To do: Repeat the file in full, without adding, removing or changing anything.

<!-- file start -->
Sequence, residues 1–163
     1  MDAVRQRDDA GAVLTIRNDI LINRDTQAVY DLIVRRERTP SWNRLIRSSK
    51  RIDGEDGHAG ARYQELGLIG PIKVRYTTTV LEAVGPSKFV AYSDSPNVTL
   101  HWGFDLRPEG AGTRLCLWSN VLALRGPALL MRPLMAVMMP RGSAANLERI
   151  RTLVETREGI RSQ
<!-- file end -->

Sequence, residues 1–163
     1  MDAVRQRDDA GAVLTIRNDI LINRDTQAVY DLIVRRERTP SWNRLIRSSK
    51  RIDGEDGHAG ARYQELGLIG PIKVRYTTTV LEAVGPSKFV AYSDSPNVTL
   101  HWGFDLRPEG AGTRLCLWSN VLALRGPALL MRPLMAVMMP RGSAANLERI
   151  RTLVETREGI RSQ